After year of suffering unnecessarily, only to discover that the doctors were wrong, my husband and I realized we needed to share our story and offer more accurate information on scabies symptoms.
If this happens to you, you'll have to work harder to help the doctors help you.
Tracking Down the Scabies Culprit
Because we knew it was not all in our heads, we had to find other ways to discover what the invisible culprit was. We began taping our skin whenever we felt a crawling sensation in the hopes of finding something under a microscope. We pressed scotch tape to the spot where we felt something, hoping to collect evidence on the tape. It took a long time to find any proof because these mites spend most of their time under the skin, but we eventually got lucky. We put the tape under the microscope and saw what looked like a mite. We took a picture of what we found and sent it to a mite expert for identification.
The tickling and crawling sensations we felt on our bodies, including our faces, were indeed caused by scabies. A simple Permethrin treatment got rid of the mites after an entire year of suffering, although the treatment drug causes its own immune reaction that sometimes feels as though the parasites are back. We've been told now by others who have had this reaction to the Permethrin that the immunological reaction eventually goes away, but can take months. In any case, it is not nearly as annoying or worrisome as the mysterious mite symptoms, so we are happy.
Diagnosing Scabies and Educating Your Doctor
Worldwide, approximately 300 million people have scabies at any one time. Given the persistence of this parasite and the lack of knowledge on this subject that seems to be pervasive throughout the healthcare community, one can imagine how we feel when we come across the pleas for help posted online by others with similar symptoms going undiagnosed. My suggestion to anyone experiencing unexplained itching, rashes, bumps, crawling or tickling on any part of the body, including the face, is to at least consider scabies. And if your doctor will not cooperate due to a lack of evidence implicating this culprit, find another doc who has more experience with these and other parasites.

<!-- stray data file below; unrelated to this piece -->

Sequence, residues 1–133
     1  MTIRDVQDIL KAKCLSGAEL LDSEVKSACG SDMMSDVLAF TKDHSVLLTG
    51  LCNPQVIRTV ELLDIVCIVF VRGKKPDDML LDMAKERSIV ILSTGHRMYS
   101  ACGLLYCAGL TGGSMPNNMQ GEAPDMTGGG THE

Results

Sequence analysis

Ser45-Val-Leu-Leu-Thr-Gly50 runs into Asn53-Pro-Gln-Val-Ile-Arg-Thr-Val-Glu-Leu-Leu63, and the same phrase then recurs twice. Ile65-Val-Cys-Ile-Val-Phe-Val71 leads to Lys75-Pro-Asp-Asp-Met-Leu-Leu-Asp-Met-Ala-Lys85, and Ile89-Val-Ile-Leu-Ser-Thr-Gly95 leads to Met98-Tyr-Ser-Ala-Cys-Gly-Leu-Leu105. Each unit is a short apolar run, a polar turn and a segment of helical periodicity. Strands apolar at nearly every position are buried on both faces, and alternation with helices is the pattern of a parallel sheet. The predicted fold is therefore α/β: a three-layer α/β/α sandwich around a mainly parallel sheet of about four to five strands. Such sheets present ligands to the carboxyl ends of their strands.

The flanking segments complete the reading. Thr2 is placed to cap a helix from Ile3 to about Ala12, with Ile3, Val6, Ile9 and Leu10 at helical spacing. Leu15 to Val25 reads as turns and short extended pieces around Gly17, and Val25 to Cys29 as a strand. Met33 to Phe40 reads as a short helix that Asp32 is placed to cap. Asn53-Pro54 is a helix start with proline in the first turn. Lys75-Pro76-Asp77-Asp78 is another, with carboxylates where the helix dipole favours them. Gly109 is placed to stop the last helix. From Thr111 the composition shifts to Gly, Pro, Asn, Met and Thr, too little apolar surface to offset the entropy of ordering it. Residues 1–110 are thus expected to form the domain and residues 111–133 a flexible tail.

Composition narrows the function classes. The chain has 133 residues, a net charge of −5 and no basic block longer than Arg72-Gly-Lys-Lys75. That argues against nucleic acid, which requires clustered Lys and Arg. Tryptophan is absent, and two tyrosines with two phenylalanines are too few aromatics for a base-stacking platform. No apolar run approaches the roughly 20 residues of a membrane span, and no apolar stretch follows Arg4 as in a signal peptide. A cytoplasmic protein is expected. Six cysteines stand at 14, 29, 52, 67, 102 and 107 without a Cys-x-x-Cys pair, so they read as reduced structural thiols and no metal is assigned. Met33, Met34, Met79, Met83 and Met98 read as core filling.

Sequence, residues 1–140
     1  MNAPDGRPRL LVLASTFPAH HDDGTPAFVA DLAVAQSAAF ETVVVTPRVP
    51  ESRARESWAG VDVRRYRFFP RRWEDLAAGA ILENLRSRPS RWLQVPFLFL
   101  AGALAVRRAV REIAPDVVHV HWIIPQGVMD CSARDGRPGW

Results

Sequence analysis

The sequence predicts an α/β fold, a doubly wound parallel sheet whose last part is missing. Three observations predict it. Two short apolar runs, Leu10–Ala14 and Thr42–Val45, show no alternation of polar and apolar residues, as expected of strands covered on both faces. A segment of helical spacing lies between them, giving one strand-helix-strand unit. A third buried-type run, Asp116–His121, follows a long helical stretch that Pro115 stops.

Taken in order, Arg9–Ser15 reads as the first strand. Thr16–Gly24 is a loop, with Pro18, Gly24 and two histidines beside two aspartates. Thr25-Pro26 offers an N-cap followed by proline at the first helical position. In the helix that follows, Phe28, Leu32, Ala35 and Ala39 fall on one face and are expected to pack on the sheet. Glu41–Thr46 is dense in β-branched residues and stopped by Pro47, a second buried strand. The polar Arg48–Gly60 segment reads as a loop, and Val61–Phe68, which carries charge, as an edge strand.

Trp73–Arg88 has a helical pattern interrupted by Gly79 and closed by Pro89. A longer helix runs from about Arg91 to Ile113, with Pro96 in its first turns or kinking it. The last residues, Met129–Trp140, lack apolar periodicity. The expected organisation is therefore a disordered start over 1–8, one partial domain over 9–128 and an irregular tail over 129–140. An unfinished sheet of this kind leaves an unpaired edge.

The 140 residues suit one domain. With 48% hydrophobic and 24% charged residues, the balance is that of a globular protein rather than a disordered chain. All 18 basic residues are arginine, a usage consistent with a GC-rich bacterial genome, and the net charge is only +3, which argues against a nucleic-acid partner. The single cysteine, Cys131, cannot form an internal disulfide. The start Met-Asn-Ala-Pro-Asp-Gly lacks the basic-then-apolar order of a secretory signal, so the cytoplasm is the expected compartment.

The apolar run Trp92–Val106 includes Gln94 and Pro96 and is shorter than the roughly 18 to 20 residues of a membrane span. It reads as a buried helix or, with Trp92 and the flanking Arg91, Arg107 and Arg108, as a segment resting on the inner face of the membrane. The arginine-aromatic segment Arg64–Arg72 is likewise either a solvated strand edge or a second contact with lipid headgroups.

Not everyone has the time, energy, resources, or patience to take tape samples, find a microscope, enlist the help of an expert, and visit multiple doctors. However, we're hoping that by sharing our story everyone, including those in the medical profession, might learn something from our experience.
Learn More About Scabies, Mites, and Parasites
You can read about effective treatments and possible side effects in another article I wrote: How Do You Know If Your Scabies Treatment Worked?.
Or, if you think you may be dealing with another type of mite infestation, please read the following article: Mites That Bite Humans: Bird and Rodent Mites.
This content is accurate and true to the best of the author’s knowledge and does not substitute for diagnosis, prognosis, treatment, prescription, and/or dietary advice from a licensed health professional. Drugs, supplements, and natural remedies may have dangerous side effects. If pregnant or nursing, consult with a qualified provider on an individual basis. Seek immediate help if you are experiencing a medical emergency.